The idea that we work because we want to pay for our consumption of goods is obviously true up to a point, but I think it is worth exploring why else it is that we work so hard – why is it that we are so afraid of leisure. A good place to start is the French thinker Blaise Pascal’s quote: ‘All the unhappiness of men comes from one thing: not knowing how to stay quietly in a room’. Or as a local philosopher recently put it: ‘Consciousness in its inability to relate to itself, invented reality’. In this case the reality of work. What both quotes suggest is that we are profoundly uncomfortable with being still in the world. The Buddhist scholar Stephen Batchelor suggests that: ‘Sitting still on your own confronts you with the intolerable contingency of your existence’. Michel de Montaigne described how his planned tranquil retirement to the countryside was ruined by his mind being ‘like a runaway horse’ confronting him with ‘chimeras and imaginary monsters, one after another, without order or plan’. As Batchelor argues, rather than face the contingency of our existence, we flee it – a bewildered, fearful existential flight from pain into pleasure, if not pleasure then work, boredom, anything that can offer us the illusion of fixity, security and satisfaction. In much the same way that we frequently bemoan psychiatry’s role in maintaining social control while at the same time feeling a certain relief that it alleviates our responsibility for interacting with society’s mad, bad and sad, so we tend to moan about the hours we have to work while also feeling a certain relief that this very work and the structures associated with it offer us protection from our own madness, badness and sadness.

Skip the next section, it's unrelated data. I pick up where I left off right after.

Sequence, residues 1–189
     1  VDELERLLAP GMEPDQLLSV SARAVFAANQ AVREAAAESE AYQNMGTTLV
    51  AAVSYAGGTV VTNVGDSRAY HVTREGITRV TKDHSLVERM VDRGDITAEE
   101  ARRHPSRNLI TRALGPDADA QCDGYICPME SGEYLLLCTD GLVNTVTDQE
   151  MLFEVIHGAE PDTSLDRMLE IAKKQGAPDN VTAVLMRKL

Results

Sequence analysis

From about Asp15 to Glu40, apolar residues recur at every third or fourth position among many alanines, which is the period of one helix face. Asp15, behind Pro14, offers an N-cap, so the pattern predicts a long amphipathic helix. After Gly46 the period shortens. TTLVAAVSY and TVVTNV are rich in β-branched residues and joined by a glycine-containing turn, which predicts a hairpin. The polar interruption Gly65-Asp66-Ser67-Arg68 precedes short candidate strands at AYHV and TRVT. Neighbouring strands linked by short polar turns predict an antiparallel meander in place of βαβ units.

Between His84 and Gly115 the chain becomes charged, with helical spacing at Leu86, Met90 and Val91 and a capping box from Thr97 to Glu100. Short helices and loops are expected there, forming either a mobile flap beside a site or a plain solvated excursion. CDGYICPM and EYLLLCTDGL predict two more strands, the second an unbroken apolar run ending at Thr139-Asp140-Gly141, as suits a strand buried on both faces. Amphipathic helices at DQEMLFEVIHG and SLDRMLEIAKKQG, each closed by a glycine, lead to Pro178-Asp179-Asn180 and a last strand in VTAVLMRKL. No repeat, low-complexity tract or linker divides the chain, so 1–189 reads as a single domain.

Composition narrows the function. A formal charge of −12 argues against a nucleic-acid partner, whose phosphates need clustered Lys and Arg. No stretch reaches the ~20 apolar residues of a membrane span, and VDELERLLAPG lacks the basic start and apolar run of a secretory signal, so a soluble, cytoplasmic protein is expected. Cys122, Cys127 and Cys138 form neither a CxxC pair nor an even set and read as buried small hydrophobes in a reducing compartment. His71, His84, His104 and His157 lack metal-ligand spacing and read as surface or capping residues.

Outside of work, the story is little different. Unlike any other in history, modern society offers us the 24-hour cocktail of activity to release us from the gnawing anxiety of our existence. Stripped of the consoling mythical and religious fictions of eternity and the afterlife, we now run into the more dangerous modern fiction that we can control time. Before clocks were fully introduced in the 17th century, the nature of humans’ relationship with time was dramatically different. Time was generally seen as cyclical with events understood in the context of the changing seasons and general historical or mythical patterns. With this co-existed a culture of fatalism and an acceptance of the lack of control over one’s social circumstances. With clock time, first introduced in the 16th Century with just an hour hand, then gradually over the next couple of centuries incorporating the minute hand and the second hand, humans changed their relationship to time, feeling a greater sense of control over it, an ability to look into the future and plan and a subsequent linear vision of time co-existing with a belief in individual effort and the power of the will. Fast forward to Google proudly announcing the speed of its latest search in milliseconds and computers reducing measurements of time to nanoseconds and it appears we have truly gained control over time.